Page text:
Energy > Climate Change
Is the sun causing the earth to warm?
This article is part of our series focused on the causes and consequences of a warming planet
Is the sun causing the earth to warm? It would seem logical. The sun is the fundamental source of energy that creates heat on our planet. An increase or decrease in the sun’s output could cause the earth’s temperature to rise or fall.
Scientists believe that changes in the sun’s output may have impacted the earth’s temperature in the past. For example, studies have found that a decrease in solar output is likely to have caused the Little Ice Age between 1650 and 1850.
But studies of the current warming trend have found no similar relationship. The sun’s energy, received at the top of earth’s atmosphere, has followed a natural 11-year cycle of small ups and downs but with no long-term net increase or decrease. By comparison, global temperature has risen significantly.
Moreover, if the warming of the earth is caused by an increase in the output of the sun, then the entire atmosphere should be warming. This would include the lower atmosphere (troposphere) as well as the upper atmosphere (stratosphere). However, scientific studies have found that, while the lower atmosphere is warming, the upper atmosphere is actually cooling.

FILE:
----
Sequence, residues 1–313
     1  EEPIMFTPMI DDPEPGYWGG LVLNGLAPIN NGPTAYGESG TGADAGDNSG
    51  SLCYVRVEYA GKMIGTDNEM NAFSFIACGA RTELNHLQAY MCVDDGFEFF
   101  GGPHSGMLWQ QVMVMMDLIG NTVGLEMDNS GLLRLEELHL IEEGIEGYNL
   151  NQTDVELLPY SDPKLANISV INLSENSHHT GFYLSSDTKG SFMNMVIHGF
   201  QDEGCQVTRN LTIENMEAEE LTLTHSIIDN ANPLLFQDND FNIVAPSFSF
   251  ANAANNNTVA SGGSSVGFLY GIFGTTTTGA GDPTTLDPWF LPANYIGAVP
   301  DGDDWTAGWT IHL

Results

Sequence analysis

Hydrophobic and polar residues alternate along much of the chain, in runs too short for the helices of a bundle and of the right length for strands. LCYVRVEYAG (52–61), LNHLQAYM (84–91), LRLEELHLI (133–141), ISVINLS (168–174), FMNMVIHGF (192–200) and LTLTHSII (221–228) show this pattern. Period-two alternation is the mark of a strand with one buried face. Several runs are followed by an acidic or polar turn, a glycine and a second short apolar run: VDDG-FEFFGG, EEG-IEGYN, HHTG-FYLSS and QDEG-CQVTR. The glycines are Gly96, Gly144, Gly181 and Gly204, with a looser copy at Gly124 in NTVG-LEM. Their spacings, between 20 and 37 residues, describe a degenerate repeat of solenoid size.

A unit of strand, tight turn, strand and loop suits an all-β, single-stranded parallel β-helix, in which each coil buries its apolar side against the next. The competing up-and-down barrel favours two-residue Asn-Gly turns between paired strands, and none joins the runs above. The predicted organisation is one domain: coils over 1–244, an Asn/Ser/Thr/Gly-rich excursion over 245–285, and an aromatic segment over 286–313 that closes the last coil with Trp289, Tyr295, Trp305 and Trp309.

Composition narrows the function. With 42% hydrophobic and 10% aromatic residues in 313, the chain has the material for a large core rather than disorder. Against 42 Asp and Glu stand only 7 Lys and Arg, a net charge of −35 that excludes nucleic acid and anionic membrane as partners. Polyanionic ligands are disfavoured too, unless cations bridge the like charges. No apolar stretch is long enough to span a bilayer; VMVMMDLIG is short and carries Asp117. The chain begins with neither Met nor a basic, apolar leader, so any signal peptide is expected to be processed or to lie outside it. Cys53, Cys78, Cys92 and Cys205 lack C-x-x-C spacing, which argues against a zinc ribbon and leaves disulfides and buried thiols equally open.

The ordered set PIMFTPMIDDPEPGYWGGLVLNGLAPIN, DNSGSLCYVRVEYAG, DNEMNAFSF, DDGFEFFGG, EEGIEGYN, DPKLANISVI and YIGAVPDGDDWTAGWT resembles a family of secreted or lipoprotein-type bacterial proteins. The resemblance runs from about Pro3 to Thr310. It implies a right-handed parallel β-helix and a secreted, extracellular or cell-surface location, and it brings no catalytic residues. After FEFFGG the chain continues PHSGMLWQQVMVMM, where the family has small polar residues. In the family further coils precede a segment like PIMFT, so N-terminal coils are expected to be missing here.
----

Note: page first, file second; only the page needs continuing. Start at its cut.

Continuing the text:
This phenomenon indicates that more heat is being trapped in the lower atmosphere and less heat is reaching the upper atmosphere. So, today’s warming is not caused by more heat overall but more heat being trapped next to the earth’s surface. Hence, the greenhouse effect is causing the warming.
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Don Hofstrand, retired extension agricultural business specialist, email@example.com
Reviewed by Dr. Eugene Takle, retired professor emeritus Iowa State University